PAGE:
Poet of Honour, an accolade by Ars Notoria and Word Masala Foundation, celebrates our best contemporary poets we should have read by now. They are iconic and a major inspiration.
Christopher Reid and Ted Hughes were good friends. Hughes is a profound influence on my poetics. Even Roger Elkin, another authority on Ted Hughes, did not miss it and wrote to me about it when he published my poem, Bottled Ganges, in Envoi. The point being Reid, when asked if Ted Hughes had any influence on him, replied diplomatically. Hughes had his unique voice, and his poetry demanded of readers to invest in his work. Reid’s poems are way different from Hughes’s. These are readily accessible. The words in his poetry invoke a real airy, sensual presence of images. Only in an award-winning Gujarati artist and poet, Gulam Mohammed Sheikh, I have faced such trickery by words. I find in Christopher Reid, his words also conjure up Sheikh’s magic and deliver us within ‘live’ corporeal distance of images. This is a unique experience in poetry whereby you feel you are virtually touching or experiencing the object. In your transference to the ambience, you are presented with smell, taste and the sensation of touch. For me, cherries have never been the same ever since reading Reid’s poem in The Red Anthology published by Waterstones! Since my son gifted me that volume and I read Reid’s poem, it has deflected me from the bags of season’s late cherries. Is this also the sort of old age Reid talking about in a poem here? Poetry and words, meticulously chosen and deployed, can endow us with some extraordinary experience! In many aspects, the physical invocation I found in those cherries resonates with The Tomato Vine here.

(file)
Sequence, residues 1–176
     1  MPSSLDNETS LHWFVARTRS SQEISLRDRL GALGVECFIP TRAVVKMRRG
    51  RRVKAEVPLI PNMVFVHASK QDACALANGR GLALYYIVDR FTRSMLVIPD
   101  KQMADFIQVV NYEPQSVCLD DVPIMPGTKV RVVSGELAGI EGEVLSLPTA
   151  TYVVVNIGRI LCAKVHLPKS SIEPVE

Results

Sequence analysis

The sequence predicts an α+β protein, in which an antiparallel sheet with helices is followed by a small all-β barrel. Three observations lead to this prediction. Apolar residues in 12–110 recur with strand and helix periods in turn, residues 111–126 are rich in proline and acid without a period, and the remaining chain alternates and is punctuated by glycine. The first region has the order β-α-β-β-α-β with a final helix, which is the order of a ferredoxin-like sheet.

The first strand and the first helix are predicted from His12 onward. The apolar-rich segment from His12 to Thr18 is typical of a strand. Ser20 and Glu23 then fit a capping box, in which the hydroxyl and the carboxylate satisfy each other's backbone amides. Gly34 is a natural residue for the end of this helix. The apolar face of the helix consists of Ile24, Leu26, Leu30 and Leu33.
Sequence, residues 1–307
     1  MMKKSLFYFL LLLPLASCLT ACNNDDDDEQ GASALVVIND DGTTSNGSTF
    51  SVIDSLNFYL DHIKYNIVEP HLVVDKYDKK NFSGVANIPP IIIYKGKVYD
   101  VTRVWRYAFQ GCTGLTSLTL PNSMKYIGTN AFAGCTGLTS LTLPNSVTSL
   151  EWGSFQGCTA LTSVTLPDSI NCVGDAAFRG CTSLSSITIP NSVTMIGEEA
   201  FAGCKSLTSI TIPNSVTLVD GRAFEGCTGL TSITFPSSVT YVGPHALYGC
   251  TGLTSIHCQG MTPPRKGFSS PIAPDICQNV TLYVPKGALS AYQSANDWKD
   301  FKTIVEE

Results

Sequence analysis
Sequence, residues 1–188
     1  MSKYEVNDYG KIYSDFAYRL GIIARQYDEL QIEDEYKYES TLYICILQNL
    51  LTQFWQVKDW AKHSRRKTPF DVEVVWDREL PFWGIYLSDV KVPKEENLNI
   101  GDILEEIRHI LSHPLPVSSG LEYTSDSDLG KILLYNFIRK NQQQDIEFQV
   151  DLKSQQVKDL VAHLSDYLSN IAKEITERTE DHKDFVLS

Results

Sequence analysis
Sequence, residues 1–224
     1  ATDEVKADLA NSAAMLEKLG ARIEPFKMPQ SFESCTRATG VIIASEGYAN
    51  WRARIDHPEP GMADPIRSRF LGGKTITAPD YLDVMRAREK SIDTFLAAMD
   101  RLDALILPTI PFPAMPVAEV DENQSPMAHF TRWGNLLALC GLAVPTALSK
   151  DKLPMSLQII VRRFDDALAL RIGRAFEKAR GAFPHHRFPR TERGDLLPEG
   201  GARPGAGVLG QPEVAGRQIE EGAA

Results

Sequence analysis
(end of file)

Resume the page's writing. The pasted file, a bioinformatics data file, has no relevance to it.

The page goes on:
Besides his poems here, please discover Reid as a maestro in his poem ‘Late’, read by Tom Hiddleston (Loki to you):
-Yogesh Patel MBE
Poems by Christopher Reid
The Tomato Vine
The waft, the gasp, a tomato vine releases
each time a fruit is plucked –
in spiciness, akin to the greeting (Hey!)
brushed geranium leaves send up –
brings to my mind the more intricate mind
of George Herbert, who wrote:
Herbs gladly cure our flesh, because that they
Finde their acquaintance there.
He had his God, his Church, his herbal lore.
May I, who have none of these,
wish him one thing more:
a tomato vine, new from the Americas.
Let his fingers, putting aside prayer,
enquire along its ramifying green instead,
and let his nose be gratified to find
occasional hidden pungent
detonations of red.
Goats and Ducks
Man withdraws and Nature enters:
goats and ducks in our town centres
show the way that things might tend
should this quiet time never end.
Following initial urges
to nibble hedges and trim verges,
goats and ducks, firmly in charge,
would then invite wild life at large –
roe deer, fieldmice, eagles, otters –
to join their band of urban squatters
and help to tidy up the mess
we left them in our hopelessness.
A thorough civic revolution
could be both their and our solution.
With this in mind, I wish good luck
to Brother Goat and Sister Duck!
Older and older
is a tall order.
A widow’s lot
is to be forgotten.
Old friends fewer,
new ones unsure.
Once, letters from abroad,
now the odd Christmas card.
Pains are sharper
and hold faster.
Hearing gets harder,
mean a taxi to the shops.
Days are briefer
as a body grows sleepier.
A son phones,
then leaves you more alone.
Yet too soon cometh
To read poets honoured previously here is a roll call; please click on the name.
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